New Zealand tourism operators are “excited” and “relieved” that they can get back to business from Thursday when domestic travel restrictions are lifted pumping some much needed activity into the moribund market.
Tourism Industry Aotearoa said that yesterday’s announcement by prime minister Jacinda Ardern that travel within New Zealand can start again on Thursday “is a huge relief that won’t come a day too soon for hundreds of businesses.”
TIA said that tourism operators who had to close their doors more than six weeks ago for the lockdown were excited that they could start hosting Kiwis again.
“The next few months will be an amazing opportunity for Kiwis to experience the best New Zealand has to offer – and have the satisfaction of knowing that you are helping to save the livelihoods of other Kiwis,” chief executive Chris Roberts said.
However, TIA warned that the delay the opening of bars for a week and to limit gatherings to 10 people for at least the next two weeks will have an adverse economic impact.
“While the health of New Zealanders must remain the priority, we’ve heard [yesterday] of hundreds more jobs going from SkyCity and other tourism employers,” Roberts said.
“Many tourism, hospitality and event businesses are teetering on the edge. In the current circumstances, even a week or two’s delay will push some over the cliff, and result in further job losses and business closures.”
He added that TIA was pleased Ardern had promised direct support in the Budget to the businesses most affected by the pandemic but that it “may come too late for some.”
Regional tourism organisations in the tourism hotspots of Queenstown and Rotorua also welcomed the announcement, using it as a trigger to double down on efforts to stimulate local, regional and domestic demand.
Destination Queenstown’s interim chief executive, Ann Lockhart, said the “hugely important” announcement was met with delight in the resort town and said it provided “a pathway to recovery for tourism operators moving into the vital winter season”.
“The announcement today will provide some relief for businesses in Queenstown following many weeks of uncertainty,” she said.
“While this isn’t a total panacea it is a good step in the right direction. DQ will be working with businesses this week to understand their plans and identify any support they may need access to.”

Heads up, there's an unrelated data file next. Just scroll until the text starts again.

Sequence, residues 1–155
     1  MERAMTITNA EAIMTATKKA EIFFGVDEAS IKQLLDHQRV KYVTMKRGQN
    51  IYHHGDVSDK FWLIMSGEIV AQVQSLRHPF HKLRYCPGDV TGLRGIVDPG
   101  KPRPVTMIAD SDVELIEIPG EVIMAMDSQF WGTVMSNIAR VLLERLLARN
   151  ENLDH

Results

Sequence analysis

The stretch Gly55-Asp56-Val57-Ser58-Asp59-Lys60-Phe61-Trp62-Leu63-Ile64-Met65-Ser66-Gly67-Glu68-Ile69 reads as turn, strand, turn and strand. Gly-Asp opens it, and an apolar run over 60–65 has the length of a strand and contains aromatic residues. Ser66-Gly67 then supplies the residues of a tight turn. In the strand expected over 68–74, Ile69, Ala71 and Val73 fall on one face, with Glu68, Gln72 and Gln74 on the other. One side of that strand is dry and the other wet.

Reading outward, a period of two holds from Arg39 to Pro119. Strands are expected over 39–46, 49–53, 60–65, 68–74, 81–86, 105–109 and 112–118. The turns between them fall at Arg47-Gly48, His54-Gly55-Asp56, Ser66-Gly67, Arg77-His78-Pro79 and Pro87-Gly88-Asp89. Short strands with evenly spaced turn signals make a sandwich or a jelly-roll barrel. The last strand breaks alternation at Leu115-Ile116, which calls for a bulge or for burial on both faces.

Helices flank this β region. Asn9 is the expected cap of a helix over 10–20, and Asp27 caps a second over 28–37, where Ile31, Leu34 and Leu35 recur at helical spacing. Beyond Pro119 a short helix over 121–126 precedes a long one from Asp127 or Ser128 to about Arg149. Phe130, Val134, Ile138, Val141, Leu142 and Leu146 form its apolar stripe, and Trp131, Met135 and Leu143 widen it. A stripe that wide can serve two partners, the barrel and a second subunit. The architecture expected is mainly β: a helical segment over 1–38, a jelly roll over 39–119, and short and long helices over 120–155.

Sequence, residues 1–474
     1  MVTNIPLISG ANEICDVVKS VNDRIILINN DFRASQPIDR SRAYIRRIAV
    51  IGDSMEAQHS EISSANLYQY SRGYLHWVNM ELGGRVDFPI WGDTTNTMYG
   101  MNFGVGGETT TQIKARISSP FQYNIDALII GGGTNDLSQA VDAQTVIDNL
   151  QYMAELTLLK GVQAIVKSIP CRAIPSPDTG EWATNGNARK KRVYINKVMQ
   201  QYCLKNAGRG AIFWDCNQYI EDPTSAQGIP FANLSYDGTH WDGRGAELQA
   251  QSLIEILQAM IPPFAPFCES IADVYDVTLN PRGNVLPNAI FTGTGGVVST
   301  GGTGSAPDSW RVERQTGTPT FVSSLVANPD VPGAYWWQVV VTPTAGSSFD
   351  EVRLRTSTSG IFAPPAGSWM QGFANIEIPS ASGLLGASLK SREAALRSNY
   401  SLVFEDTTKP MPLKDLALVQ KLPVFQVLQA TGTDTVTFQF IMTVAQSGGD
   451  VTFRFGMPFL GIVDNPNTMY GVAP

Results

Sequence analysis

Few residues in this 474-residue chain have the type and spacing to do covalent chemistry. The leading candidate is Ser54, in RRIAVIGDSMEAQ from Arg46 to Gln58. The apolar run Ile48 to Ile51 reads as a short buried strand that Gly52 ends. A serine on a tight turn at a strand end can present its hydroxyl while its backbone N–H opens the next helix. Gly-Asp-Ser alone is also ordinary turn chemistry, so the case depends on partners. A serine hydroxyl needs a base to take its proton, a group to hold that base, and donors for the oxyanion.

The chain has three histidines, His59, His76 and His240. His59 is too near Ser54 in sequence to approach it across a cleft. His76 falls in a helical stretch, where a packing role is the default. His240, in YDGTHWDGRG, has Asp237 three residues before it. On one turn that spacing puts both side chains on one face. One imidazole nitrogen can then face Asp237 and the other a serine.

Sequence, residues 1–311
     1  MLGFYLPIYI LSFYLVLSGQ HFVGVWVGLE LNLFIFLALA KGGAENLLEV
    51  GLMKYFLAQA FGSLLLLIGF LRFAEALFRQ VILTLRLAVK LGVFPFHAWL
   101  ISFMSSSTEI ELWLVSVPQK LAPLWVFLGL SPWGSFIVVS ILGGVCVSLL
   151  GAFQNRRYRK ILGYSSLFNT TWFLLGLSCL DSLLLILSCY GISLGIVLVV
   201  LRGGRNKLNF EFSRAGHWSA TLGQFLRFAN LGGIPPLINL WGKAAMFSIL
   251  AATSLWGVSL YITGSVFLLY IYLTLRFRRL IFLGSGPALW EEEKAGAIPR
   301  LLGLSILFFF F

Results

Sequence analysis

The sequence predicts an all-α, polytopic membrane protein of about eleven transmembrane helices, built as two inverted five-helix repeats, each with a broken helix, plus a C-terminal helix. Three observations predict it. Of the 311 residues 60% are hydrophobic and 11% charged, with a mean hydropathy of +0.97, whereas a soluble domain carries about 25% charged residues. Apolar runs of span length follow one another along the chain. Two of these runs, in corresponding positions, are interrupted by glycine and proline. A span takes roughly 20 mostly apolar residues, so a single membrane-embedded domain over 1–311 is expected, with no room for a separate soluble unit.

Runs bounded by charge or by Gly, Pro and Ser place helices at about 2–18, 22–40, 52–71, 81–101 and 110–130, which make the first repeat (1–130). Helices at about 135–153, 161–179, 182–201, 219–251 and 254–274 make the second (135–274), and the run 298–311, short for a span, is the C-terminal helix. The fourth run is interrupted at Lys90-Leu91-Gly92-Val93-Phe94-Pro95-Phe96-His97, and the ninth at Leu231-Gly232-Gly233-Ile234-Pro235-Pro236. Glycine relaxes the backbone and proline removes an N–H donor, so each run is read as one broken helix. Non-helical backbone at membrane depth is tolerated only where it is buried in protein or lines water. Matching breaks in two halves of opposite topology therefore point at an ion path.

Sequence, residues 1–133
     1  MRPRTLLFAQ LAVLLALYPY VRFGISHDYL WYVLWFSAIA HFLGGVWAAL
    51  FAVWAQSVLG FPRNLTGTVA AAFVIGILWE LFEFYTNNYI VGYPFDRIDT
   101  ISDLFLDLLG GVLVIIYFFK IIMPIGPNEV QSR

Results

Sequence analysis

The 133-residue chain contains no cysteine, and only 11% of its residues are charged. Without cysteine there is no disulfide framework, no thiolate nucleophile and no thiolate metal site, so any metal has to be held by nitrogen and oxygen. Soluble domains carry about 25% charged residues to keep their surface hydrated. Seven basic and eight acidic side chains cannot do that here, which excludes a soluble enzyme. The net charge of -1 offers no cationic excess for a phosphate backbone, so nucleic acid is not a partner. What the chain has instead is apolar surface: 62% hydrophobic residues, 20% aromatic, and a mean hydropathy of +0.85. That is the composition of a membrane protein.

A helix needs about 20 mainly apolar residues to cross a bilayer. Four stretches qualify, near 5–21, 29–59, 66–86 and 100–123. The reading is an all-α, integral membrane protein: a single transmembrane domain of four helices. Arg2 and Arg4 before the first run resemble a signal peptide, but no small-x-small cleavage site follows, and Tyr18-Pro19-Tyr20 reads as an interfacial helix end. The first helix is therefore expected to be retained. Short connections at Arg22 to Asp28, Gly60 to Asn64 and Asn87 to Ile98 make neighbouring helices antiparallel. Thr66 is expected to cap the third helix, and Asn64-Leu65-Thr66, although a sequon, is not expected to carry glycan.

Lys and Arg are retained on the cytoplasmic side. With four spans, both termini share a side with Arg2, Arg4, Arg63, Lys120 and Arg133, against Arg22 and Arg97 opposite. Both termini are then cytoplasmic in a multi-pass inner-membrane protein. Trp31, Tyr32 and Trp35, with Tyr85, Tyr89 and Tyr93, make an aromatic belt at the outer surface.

DQ added that the return of commercial air services to Queenstown would also go a long way toward getting the Queenstown community back on its feet.
“We are certain that our world-leading tourism operators are well equipped to meet requirements to deliver great experiences, in a safe environment. We are excited our ski fields are able to operate, our hospitality sector will be looking forward to serving visitors again soon, and many of our activities will be able to make the guidelines work,” Lockhart said.
DQ now plans to follow up its local campaign, #WeAreQueenstown, by launching a new winter marketing campaign, targeting the domestic market, on 1 June. It is also underway with research to get a wider understanding of the domestic market to inform both its own activities and its members.
Operators in another of NZ’s leading tourism destination, Rotorua, were also ready to extend “New Zealanders an invitation to explore their wondrous city”, said Destination Rotorua chief executive Michelle Templer.
“Rotorua has always been a favourite holiday destination for New Zealanders and we know that many are already planning their next holiday here,” she said.
“In fact, 59% of all visitor spend in Rotorua last year came from domestic visitors and our industry is working hard to make it even more attractive for Kiwis to visit.”
The RTO was running a number of marketing campaigns at the moment, including launching the second phase of its In our Element marketing campaign, encouraging residents to explore their wonderful backyard and to support local businesses.
“We need more than ever to support each other as much as we can,” Templer said.
“The first phase of our locals’ campaign focused on businesses that were open in Level 3, which were largely retail and food & beverage. As we move into level 2, these businesses still need our support but there’s also the opportunity to explore our wider backyard and visit the incredible attractions and activities on our doorstep.”
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